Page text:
The lasya or feminine aspect of Manipuri dance is ethereal and lyrical and the tandava or more vigorous masculine movement is also full of fluid grace. The basic dance movement is known as Chali or Chari. The most popular dance is the Manipuri Ras Lila, which is in three styles — Tal Rasak, Danda Rasak and Mandal Rasak — traditionally performed on full moon nights three times in autumn (August through November) and once again in spring (March/April). The Vasant Ras takes place during Holi, while others coincide with Diwali and post-harvest festivals. The songs and dances describe the love and interaction between Radha and Krishna, in the presence of Gopis named ­Lalita, Vishakha, Chitra, Champaklata, Tungavidya, Indurekha, Rangadevi and Sudevi. There is an individual composition and dance sequence for each Gopi where the words have two layers of meaning, one literal and the other spiritual. The lyrics, which are in Sanskrit, Maithili, Brij Bhasha and others dialects, are usually taken from the classical poetry of Jayadeva, Vidyapati, Chandidas, Govindas and Gyandas.

Acclaimed Manipuri dancer Soma Dasgupta
Acclaimed Manipuri dancer Soma Dasgupta

The musical accompaniment for Manipuri consists of a vocalist, a percussion instrument called the pung, kartals or cymbals, a stringed instrument called the pena and a wind instrument like the flute. The drummers who are male artistes play the pung and dance while drumming. They dress in white dhotis and turbans and wear the drum strap over the shoulder and perform the Pung cholom with intricate rhythmic movements in beat to the drums. Kartal cholom is a similar dance where the dancers perform with cymbals. When it is done by female dancers it is known as ­Mandilla ­cholom. The male dancers also perform Tandava dances of Shiva that are called Duff cholom and Dhol cholom. When they perform the Gopa Ras they synchronously enact the chores of daily life, like feeding the cows and in total contrast is Uddhata Akanba, an elegant dance full of leaps, squats and spins.

Artistes performing the pung cholam.
Artistes performing the pung cholam.

The reach of Manipuri dance spread beyond the northeastern region in the early 20th century when Nobel Laureate Rabindranath Tagore invited Guru Budhimantra Singh as faculty to teach Manipuri at ­Shantiniketan. By the 1950s, the Jhaveri sisters — Nayana, Ranjana, Suverna and ­Darshana — started performing all over India and abroad, and took the world by storm. In 1956, they were the first non-Manipuris to perform the dance at the Govindji Temple inside the royal palace of Imphal. Along with their gurus Bipin Singh and ­Kalavati Devi, they founded the Manipuri ­Nartanalaya in 1972, with centres at Mumbai, Kolkata and Imphal. Guru Singhajit Singh who hails from a family of dancers from Manipur, established Manipuri Nrityashram, in New Delhi along with his wife Charu Sija Mathur. They travelled extensively with their dance troupe to several countries in Europe, North and South America, performing and popularising this ancient dance form.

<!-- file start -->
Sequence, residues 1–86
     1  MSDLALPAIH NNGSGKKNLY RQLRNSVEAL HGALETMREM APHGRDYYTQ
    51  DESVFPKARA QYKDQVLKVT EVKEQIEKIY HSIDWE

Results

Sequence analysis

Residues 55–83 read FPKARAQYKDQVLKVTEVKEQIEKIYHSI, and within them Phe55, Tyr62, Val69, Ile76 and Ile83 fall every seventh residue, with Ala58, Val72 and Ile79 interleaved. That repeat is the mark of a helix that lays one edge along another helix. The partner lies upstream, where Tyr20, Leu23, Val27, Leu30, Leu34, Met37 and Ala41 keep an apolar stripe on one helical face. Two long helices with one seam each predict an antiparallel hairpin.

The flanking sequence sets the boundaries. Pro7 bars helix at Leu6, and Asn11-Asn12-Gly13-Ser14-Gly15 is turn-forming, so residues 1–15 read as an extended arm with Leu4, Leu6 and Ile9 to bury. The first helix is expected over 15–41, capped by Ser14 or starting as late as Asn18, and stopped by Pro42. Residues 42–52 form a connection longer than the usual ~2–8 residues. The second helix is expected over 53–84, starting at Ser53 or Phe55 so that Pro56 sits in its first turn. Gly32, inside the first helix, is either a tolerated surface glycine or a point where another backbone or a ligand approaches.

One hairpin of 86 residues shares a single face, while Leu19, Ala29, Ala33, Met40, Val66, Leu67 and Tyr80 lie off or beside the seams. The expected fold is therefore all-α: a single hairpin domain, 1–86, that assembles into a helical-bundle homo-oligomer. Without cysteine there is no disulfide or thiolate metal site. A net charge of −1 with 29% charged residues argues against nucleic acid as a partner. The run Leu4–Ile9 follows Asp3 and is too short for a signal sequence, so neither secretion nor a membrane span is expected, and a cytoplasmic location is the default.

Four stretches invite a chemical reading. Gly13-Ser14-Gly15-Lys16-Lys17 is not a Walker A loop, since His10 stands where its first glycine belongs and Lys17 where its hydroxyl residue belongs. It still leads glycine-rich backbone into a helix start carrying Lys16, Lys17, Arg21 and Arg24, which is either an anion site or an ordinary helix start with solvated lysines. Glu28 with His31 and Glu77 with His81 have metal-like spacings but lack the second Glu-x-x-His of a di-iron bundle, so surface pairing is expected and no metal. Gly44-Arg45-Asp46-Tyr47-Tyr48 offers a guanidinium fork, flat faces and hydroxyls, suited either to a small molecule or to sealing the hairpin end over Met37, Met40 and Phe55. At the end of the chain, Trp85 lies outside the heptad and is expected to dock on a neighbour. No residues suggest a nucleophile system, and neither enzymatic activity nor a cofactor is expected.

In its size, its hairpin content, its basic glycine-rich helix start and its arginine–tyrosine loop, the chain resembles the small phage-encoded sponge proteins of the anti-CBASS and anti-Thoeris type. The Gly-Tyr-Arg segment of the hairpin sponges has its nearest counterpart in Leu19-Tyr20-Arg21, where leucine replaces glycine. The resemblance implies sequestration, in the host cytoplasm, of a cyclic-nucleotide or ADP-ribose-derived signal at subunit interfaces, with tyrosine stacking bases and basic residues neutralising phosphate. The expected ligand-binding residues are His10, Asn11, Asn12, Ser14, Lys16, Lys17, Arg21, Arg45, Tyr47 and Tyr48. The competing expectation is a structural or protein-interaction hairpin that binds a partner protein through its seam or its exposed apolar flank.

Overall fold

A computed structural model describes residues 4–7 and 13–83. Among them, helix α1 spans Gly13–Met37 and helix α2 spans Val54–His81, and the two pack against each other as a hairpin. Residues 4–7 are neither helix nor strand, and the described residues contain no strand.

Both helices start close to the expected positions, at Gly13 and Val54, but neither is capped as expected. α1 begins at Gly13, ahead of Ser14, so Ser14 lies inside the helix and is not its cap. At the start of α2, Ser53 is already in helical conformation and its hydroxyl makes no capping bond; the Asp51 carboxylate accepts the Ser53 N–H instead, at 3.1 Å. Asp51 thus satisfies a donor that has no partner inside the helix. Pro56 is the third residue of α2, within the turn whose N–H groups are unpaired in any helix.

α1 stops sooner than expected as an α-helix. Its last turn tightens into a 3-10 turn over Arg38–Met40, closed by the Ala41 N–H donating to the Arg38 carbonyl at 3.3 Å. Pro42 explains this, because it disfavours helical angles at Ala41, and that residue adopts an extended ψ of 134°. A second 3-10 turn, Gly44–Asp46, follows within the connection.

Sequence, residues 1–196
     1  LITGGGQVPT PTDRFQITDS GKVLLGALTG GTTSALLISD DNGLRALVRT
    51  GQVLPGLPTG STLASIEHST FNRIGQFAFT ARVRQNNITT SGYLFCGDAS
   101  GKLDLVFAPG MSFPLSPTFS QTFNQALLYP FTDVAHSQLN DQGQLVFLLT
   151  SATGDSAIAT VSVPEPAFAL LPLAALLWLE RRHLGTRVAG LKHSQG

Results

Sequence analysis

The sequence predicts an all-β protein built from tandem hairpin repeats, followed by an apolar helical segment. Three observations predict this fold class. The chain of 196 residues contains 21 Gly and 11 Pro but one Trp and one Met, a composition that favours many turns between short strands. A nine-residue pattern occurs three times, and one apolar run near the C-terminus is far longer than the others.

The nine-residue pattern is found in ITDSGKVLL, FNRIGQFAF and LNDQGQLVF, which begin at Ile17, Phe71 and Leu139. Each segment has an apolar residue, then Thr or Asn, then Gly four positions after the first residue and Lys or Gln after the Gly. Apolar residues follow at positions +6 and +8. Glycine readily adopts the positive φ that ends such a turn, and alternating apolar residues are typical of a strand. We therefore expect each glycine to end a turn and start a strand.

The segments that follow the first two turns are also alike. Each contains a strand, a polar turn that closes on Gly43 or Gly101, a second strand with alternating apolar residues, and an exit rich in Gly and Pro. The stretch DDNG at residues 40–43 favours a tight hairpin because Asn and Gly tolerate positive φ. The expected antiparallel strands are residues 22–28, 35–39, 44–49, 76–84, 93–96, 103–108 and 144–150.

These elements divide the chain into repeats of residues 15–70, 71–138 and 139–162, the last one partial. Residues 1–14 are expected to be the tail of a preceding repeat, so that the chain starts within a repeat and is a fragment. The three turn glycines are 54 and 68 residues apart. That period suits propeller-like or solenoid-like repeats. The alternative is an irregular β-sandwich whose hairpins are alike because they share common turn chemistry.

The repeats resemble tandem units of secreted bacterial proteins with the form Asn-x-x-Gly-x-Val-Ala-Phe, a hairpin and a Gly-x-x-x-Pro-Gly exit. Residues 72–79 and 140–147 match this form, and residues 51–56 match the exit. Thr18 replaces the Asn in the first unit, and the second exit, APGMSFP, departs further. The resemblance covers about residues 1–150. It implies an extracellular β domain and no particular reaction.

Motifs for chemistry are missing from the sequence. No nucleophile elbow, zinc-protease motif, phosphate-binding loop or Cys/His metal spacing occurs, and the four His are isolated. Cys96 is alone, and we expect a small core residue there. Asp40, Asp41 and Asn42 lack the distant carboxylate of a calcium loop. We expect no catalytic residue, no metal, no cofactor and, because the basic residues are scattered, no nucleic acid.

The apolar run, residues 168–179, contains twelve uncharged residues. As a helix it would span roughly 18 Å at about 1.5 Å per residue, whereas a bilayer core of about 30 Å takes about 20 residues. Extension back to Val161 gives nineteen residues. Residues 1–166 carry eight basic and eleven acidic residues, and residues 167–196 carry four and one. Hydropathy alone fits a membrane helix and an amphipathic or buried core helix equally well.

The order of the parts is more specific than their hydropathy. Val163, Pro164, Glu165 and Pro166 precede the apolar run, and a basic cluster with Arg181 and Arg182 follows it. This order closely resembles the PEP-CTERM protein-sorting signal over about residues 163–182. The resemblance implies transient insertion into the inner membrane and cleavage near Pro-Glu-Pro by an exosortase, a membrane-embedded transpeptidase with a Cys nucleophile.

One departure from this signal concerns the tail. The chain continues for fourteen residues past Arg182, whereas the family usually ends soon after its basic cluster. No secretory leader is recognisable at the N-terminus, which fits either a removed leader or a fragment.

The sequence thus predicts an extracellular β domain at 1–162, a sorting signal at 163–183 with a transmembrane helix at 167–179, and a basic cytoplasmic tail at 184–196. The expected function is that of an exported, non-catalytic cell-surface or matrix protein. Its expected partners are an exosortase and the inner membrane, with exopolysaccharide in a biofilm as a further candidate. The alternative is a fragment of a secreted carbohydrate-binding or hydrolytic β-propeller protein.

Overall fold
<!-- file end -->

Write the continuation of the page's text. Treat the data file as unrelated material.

Danseuse Soma Dasgupta dressed in the traditional potloi costume.
Danseuse Soma Dasgupta dressed in the traditional potloi costume.

Soma Dasgupta is a versatile Manipuri dancer and choreographer who has been performing and teaching in Houston, Texas, USA for the last 17 years. She is teaching Manipuri to the younger generation at her Tripti Dance Academy. Her speciality is choreographing the compositions of Rabindranath Tagore in the Manipuri style. When asked about her experience Soma says, “I have performed Manipuri dance in many places in the US and it has been highly appreciated. I feel so elated when Americans come and ask me more about the dance form. I look forward to teaching the pure dance form to students here. The main challenge is getting the costume from Manipur. My dream is to organise a programme inviting Manipuri dancers from India and showcase the Khol dance which is performed by the male Manipuri dancers as my Guruji used to do.”

I was fortunate to learn a little Manipuri besides Bharatanatyam, Kuchipudi, Mohiniyattam and Odissi, thanks to my mother’s all encompassing love for classical arts which made her seek dance teachers from all over India to teach various styles. The exposure helped hone my artistic sensibilities for creative expression with an unbiased respect for all art. As Oscar Wilde says, “Art is the most intense mode of individualism the world has known.”

Leave a Reply

Your email address will not be published. Required fields are marked *

Shares